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Digesting the lowest rung of pop culture so you don't have to!
Summer Wars, Mamoru Hosoda’s 2009 feature-length animated film, is one of my favorite animated movies of the past ten years. It is charming, colorful, well directed, and incredibly creative, blending the real world with an online system reminiscent of what you might get when you cross Facebook with Amazon with Google with eBay. It was also a mainstream anime hit in the time when hit mainstream anime were few and far between, and its universal acclaim and appeal led to its winning the 2010 Japan Academy Prize for Animation of the Year. So when I happened to see the manga adaptation, available from Vertical, Inc. publishing house, I immediately bought the first volume (and then, later, the second).
The manga ran in the Japanese anthology Young Ace in 2009-10, but was not available translated commercially until 2013. Hosoda gets the story credit while credits for art and character design go to Iqura Sugimoto and Yoshiyuki Sadamoto, respectively. The jacket and paper are fairly high quality and the product is aesthetically appealing on the whole. The entire affair runs two volumes, the combined price of which will run you about what the Blu Ray of the film costs, which is a bit high, especially considering both volumes can be read through in just an afternoon, which is essentially how I experienced this manga (once I finished the first volume, I needed the second right away).
The comic adaptation is obviously incredibly similar to the animated feature. Ordinary seventeen year-old high school student Kenji Koiso is invited, under the pretense that he is hired help, by beautiful and popular senior class mate Natsuki Shinohara to attend a family reunion of sorts, where her entire clan will celebrate her grandmother’s ninetieth birthday and spend summer at their ancestral home in southern Japan. Of course nothing is as it seems and awkwardness ensues, as Natsuki introduces Kenji to her family as not only a Tokyo University student, but also her fiancée, much to Kenji’s chagrin.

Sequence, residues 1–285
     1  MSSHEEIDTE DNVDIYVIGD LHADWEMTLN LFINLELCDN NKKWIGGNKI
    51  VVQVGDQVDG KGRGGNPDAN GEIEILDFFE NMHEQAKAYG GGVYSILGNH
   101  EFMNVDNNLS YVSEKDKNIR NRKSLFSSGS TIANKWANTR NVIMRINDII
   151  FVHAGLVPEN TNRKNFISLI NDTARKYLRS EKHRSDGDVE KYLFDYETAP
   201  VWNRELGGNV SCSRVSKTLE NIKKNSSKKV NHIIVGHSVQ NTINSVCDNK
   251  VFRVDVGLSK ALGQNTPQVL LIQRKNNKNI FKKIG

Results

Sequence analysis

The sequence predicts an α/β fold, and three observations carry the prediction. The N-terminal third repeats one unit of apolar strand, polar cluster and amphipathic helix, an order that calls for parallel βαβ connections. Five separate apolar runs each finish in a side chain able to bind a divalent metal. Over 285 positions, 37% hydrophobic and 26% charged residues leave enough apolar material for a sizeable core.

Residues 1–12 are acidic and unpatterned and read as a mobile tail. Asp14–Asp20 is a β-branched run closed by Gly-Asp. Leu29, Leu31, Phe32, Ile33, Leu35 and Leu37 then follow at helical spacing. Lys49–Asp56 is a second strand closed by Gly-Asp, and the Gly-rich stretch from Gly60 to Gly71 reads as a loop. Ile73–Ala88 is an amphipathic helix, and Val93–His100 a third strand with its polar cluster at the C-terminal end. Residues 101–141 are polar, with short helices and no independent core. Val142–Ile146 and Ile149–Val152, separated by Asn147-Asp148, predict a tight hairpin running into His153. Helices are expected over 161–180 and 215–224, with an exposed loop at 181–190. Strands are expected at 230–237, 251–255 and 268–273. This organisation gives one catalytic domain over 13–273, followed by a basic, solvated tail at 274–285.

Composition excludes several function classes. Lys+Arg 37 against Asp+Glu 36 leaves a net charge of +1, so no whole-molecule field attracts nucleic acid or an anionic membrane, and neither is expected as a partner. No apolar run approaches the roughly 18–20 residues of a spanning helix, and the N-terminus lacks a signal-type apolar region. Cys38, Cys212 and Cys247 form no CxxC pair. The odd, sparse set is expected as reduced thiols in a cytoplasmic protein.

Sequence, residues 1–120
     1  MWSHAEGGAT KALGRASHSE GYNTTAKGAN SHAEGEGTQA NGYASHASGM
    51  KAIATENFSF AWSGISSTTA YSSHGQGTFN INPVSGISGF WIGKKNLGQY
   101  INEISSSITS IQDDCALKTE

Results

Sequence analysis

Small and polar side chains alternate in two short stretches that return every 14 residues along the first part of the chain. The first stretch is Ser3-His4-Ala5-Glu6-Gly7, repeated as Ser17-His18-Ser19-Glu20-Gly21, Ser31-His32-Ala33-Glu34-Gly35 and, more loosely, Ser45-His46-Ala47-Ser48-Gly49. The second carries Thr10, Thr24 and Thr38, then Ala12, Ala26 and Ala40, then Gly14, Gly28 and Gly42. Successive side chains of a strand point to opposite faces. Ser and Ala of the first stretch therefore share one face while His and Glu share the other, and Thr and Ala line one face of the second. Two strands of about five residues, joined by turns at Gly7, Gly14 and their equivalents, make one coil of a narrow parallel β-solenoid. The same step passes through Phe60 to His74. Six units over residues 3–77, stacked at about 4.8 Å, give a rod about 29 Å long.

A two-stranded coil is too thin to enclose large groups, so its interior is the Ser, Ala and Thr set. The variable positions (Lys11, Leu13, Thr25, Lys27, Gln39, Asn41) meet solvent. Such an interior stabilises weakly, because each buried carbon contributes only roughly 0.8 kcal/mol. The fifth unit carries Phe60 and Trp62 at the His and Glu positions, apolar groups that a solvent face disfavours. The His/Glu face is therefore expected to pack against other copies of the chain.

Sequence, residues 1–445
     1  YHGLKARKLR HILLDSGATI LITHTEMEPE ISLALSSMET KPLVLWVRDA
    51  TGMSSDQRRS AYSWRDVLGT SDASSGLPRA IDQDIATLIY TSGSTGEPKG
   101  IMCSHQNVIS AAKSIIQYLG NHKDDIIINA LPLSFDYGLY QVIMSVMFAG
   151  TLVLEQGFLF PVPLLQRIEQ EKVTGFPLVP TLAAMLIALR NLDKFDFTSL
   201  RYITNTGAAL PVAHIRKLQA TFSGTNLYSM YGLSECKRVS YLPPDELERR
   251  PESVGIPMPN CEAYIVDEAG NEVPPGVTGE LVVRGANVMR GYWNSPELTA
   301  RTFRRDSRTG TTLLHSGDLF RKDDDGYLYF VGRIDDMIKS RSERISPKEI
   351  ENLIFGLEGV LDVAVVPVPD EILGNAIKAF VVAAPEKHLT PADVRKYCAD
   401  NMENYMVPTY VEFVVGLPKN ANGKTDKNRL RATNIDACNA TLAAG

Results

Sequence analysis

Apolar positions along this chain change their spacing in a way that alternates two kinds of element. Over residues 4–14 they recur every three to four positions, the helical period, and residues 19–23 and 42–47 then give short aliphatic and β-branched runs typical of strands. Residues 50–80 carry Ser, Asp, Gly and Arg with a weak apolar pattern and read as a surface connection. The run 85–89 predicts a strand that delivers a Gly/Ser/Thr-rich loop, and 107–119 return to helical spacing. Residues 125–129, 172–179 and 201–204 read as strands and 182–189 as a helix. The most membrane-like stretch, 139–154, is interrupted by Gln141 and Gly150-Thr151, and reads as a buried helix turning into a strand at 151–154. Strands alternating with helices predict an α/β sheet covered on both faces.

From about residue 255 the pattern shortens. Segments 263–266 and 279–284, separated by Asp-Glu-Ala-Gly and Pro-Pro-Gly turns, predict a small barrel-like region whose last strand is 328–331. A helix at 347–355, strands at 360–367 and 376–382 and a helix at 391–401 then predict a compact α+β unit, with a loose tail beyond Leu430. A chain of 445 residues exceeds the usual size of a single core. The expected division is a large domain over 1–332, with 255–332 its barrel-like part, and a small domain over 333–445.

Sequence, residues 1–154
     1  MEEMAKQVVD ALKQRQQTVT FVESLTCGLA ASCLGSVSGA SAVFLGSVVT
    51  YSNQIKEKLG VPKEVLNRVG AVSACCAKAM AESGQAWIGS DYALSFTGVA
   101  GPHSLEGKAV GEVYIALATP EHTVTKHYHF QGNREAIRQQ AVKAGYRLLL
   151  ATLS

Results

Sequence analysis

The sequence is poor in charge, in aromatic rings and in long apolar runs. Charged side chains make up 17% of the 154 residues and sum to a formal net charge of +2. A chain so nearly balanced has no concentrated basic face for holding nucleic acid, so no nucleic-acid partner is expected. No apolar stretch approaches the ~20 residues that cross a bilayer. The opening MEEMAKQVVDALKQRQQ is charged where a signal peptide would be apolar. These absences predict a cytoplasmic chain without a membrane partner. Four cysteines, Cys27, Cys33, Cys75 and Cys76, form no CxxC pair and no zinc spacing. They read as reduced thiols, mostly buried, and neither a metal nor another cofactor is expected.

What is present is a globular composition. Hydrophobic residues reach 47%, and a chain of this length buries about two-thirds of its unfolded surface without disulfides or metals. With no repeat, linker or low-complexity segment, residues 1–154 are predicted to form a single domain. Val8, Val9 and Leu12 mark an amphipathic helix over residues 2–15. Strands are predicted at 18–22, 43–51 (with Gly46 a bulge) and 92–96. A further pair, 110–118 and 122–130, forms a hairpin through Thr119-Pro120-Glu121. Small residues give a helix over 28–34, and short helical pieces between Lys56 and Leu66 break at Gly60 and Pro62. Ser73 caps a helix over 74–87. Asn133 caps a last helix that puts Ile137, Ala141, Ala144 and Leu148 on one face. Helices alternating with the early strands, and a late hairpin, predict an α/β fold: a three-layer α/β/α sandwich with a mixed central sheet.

What could have been a typical Maison Ikkoku-style Japanese story turns into a techno-thriller of sorts, however, when OZ, an online virtual world ubiquitous in this fictional universe, is taken over by a mysterious AI called Love Machine, and Kenji is (wrongly) blamed for the whole affair. The OZ sections of the manga, much like those in the animated adaptation, are a treat for the eyes. Characters are represented by various cute avatars, with Kenji spending much of his time in OZ as a doofy-looking squirrel, for example. Hosoda probably had a great time creating the avatars, and some of them, including Natsuki’s, are rather elegant and appealing. I particularly liked some of Natsuki’s extended family’s avatars, which represented their various real-world jobs (police officer, fire fighter, EMT, etc).
The good stuff doesn’t start and stop with OZ, however. The Jinnouchi (Natsuki’s extended family) clan is incredibly eccentric, entertaining, and downright funny. One of her uncles, for example, is obsessed with the family’s samurai history, and tells increasingly unrealistic stories of military adventures and exploits from his family’s history. Natsuki also has an overprotective cousin, a sports-obsessed aunt, and a mysterious half-uncle, who was born out of wedlock and has lived in America for the past ten years. The family is incredibly realistic, reminding me of my own extended clan. Not everyone gets fleshed out, however – there just isn’t the time for that. Still, you can easily tell just how much time went into creating and mapping out this family.
Summer Wars is an incredibly easy read, especially if you’ve seen the anime. As noted earlier, I tore through it in essentially and afternoon. Even though I’ve seen the movie a bunch of times, I still enjoyed this read very much. I liked getting reacquainted with the quirky characters and enjoying that the story went in unexpected places. The world of OZ remains a treat, as does the Jinnouchi clan in general. This is a surprisingly emotional tale that resonates in the way few things do without getting overly sappy or losing too much of its energy. The story builds and builds and ends in an incredibly satisfying way, which again is appreciated. Though the price is a bit steep for such a short ride, I recommend checking out the manga adaption of Summer Wars, whether you’ve seen the film or not.